Denial of Service: Access Denied

Patrick Putman

As an internet user, you have likely experienced an interruption in service at some point. Maybe your favorite website was unavailable. Or perhaps your internet service was completely down. Sometimes this happens due to scheduled maintenance. Other times it happens due to hardware or software issues. However, interruptions are occasionally the result of what is called a Denial-of-Service attack.

A Denial-of-Service (DoS) attack occurs when legitimate users are unable to access information or other network resources. DoS attacks are performed by malicious hackers and hacktivists. Used to disable or disrupt user access to websites, this cyber-attack can take down websites and entire networks. A DoS attack is accomplished by flooding a network with traffic until it becomes overwhelmed. The system then either stops responding or crashes entirely. DoS attacks are like traffic jams. They prevent regular, normal traffic from reaching the system.

Common Types of Denial-of-Service Attacks

The following are some of the most popular forms of DoS attacks:

  • Buffer overflow: Buffer overflows occur when too much traffic is sent to a network, causing it to shut down or crash. Buffer overflows are the most common form of DoS attack. This attack can cause a system to consume all available hard disk space, memory, or CPU time. This can result in a slower response or a system-wide crash.
  • ICMP flood: An ICMP flood occurs when a network is flooded with ICMP echo-request packets, overwhelming the system. This causes the network to become inaccessible to normal traffic.
  • HTTP Flood: HTTP flood is an application layer attack that manipulates the HTTP web protocol. It is the equivalent to refreshing a web page over and over hundreds of times from multiple computers at the same time. The result is a flood of traffic causing a denial-of-service.
  • SYN flood: SYN floods occur over the TCP three-way handshake. A client sends a synchronize request to the host server. The host server then responds with a synchronize-acknowledgment request to the client. Once received, the client will respond with an acknowledgment for the connection. The client fails to send the acknowledgment, therefore causing the server to stand by and wait for the final request. This causes the entire server to become congested with traffic. Often times the client IP address is fake or spoofed.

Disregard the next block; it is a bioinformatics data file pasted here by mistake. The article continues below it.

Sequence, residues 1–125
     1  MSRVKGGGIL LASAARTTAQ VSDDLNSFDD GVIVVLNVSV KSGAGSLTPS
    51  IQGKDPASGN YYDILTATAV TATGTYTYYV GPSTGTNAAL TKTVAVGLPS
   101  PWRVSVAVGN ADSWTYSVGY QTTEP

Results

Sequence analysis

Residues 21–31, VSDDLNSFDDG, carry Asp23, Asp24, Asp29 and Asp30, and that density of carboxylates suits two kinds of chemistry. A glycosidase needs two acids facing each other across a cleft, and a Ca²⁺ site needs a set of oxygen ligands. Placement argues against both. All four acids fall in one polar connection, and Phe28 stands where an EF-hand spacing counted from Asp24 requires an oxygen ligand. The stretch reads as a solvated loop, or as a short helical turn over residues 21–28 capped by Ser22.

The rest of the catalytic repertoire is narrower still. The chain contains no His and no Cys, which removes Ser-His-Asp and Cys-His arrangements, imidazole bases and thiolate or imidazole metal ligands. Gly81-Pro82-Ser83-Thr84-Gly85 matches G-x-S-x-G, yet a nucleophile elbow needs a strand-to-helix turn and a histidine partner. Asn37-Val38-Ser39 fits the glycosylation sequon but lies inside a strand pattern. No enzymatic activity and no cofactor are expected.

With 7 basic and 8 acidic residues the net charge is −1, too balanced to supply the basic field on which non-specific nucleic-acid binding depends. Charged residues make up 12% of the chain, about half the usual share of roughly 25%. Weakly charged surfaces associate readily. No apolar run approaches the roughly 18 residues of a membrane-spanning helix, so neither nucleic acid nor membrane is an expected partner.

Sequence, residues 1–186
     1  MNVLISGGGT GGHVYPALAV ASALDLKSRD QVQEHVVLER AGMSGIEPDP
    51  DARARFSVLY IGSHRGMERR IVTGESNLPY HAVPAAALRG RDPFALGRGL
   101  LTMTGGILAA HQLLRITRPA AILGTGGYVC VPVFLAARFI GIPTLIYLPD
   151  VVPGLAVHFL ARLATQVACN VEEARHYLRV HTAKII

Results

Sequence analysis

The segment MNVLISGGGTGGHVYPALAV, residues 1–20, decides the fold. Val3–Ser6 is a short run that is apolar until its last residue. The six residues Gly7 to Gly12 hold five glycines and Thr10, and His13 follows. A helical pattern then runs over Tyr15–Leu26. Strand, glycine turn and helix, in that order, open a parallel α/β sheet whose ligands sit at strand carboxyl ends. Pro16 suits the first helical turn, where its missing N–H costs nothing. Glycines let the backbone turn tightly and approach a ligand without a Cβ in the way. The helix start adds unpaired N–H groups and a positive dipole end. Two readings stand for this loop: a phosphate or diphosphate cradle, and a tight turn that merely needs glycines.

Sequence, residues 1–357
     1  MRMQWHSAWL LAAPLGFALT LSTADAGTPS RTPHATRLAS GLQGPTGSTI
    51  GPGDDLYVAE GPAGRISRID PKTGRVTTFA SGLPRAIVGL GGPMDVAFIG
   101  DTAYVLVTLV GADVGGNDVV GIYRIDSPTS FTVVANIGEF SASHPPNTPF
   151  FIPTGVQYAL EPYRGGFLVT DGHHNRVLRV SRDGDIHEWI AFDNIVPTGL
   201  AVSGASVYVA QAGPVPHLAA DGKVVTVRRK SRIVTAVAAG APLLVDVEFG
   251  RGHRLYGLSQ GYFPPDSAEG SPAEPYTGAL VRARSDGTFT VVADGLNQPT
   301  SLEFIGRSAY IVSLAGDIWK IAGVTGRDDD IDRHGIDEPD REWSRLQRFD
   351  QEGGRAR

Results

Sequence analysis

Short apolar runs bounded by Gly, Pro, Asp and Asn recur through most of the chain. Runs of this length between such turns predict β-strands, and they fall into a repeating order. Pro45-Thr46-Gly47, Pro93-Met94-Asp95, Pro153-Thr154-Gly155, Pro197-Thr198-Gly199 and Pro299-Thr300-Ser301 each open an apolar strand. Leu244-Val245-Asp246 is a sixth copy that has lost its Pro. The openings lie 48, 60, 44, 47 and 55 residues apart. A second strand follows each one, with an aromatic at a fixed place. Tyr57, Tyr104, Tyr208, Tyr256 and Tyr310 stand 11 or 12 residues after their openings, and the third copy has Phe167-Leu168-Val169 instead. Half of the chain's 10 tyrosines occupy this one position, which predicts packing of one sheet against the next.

• Distributed Denial-of-Service (DDoS): A DDoS attack is a large-scale attack that occurs when multiple systems are coordinated to launch a denial-of-service attack. DoS attacks utilize a single connection, where DDoS attacks utilize multiple connections. These connections are most often in the form of a botnet. However, in some cases, the attack is part of a coordinated effort between multiple attackers.

Motivations Behind an Attack

Denial-of-Service attacks are becoming a more prevalent form of cyber-attack. But the question remains as to why threat actors resort to using DoS attacks. The most common reasons for a DoS attack are:

  • Ideology/Hacktivism: Hacktivists may use a DoS attack as a way of expressing criticism against governments or websites they disagree with. They use these attacks as a means of spreading their ideology.
  • Extortion: Hackers may take down a website or network and hold it for ransom. Either the company pays the ransom, or the attack continues. They may also use the threat of an attack to extort money.
  • Corporate Feuds: Rival corporations may employ a DoS attack as a means of taking down a competitor’s website. If the website is down, then their services will also be unavailable to consumers. This could cause consumers to look to the competitor’s site.
  • Cyber Warfare: Rival governments sometimes employ the use of a DoS attack against enemy nations. A state-sanctioned DDoS attack could cripple an enemy countries website or their entire infrastructure.
  • Boredom or Thrills: Amateur hackers are often called Script Kiddies. They use existing scripts or programs to launch DoS attacks for the thrill of taking down a website from their bedroom. Often times they do not even know how these programs work or the extent of damage they inflict.

Prevention and Response

It is near impossible to prevent a Denial-of-Service attack, especially when malicious actors launch over 1 Tbps at your servers. And with the increase of vulnerable Internet-of-Things (IoT) devices being used as botnets, attacks are becoming more prevalent. However, there are steps you can take to help mitigate an attack and recover.

  • Architecture: Locate your servers at different data centers in different geographical locations. Also, ensure that these servers are not on the same network. You also want to look for and reduce any bottlenecks or single points of failure.
  • Hardware: Deploy hardware that can handle an attack. Increasing resources like memory and hard disk space can lessen the impact of an attack.
  • Bandwidth: If possible, try to scale up bandwidth to your network. Like with hardware resources, increased bandwidth can help you absorb an attack and lessen the impact.
  • Outsourcing: Outsourcing is another way of mitigation. There are many companies that offer DoS Mitigation services to organizations. These services can include cloud scrubbing, rerouting traffic, and dynamic load balancing.

Denial of service attacks are not always avoidable, but they are recoverable. You can lessen the impact with the right tools, plans, and system in place. These recommendations are simply best practices that can help mitigate and recover from a Denial-of-Service attack, should you suffer one.

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